After a time, Moirra came and took her back to the bairn’s own cottage. Perhaps they were going to pack up what little belongings she had before they would go to Moirra’s home. She had, after all, made a promise.
The pain in the auld woman’s eyes when she asked her of it was quite evident. Moirra explained that first she must speak to Broc and together they would make the decision as to where she would live and who would care for her.
Moirra tucked the bairn into her pallet by the fire and pulled the blankets snugly under her chin. Had this been a normal day, the bairn would have pleaded for permission to forgo her afternoon rest. Today however, was not a normal day. Moirra told her not to worry, that all would be well. The bairn wanted so much to believe her.
After night had fallen and the candles were lit, the bairn feigned sleep. She stayed quiet and hidden under her blankets as she listened to Broc and Moirra argue over what was to become of her.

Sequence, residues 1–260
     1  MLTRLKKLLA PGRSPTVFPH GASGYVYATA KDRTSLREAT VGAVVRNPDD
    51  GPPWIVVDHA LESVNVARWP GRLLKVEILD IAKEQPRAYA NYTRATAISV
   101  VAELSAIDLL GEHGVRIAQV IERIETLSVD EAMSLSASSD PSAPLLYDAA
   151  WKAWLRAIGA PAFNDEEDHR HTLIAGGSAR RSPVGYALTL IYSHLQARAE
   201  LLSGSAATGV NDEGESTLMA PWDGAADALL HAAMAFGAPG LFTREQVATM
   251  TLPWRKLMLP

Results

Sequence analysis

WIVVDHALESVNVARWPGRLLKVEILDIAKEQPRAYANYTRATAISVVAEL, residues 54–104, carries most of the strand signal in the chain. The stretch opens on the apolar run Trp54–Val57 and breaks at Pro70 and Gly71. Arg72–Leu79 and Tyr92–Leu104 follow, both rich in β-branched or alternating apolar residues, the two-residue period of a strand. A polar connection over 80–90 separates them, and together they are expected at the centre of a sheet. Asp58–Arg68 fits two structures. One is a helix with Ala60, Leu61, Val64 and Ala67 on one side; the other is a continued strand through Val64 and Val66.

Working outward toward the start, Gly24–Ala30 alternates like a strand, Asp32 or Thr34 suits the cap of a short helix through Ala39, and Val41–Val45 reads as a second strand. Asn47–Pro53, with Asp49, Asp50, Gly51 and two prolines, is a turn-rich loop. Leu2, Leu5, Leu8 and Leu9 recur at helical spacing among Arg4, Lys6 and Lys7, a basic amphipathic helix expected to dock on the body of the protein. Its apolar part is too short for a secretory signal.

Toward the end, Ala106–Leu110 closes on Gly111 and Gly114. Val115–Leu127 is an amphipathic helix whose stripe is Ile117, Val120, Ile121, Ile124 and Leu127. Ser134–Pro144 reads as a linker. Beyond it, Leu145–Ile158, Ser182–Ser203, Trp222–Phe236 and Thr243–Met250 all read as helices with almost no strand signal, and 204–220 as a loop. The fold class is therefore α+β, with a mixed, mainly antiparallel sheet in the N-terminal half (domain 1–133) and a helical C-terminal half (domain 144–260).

“How are you goanna teach her about things when she’s no longer a bairn but a full grown lass? Have you thought of that Broc?” Moirra asked, frustrated with his obstinacy.
Broc would not listen. He would not let anyone take Laiden’s daughter. It wasn’t out of devotion to his dead wife that he kept the child, there were other reasons; reasons he could not share for keeping her. While it was true that he had loved Laiden, loved her with all that he was, she had not been able to return those feelings. Even after all these years, after all he had done for her, he could not lay claim to that which he wanted most; her love. Her heart, right up until the end, had always belonged to another.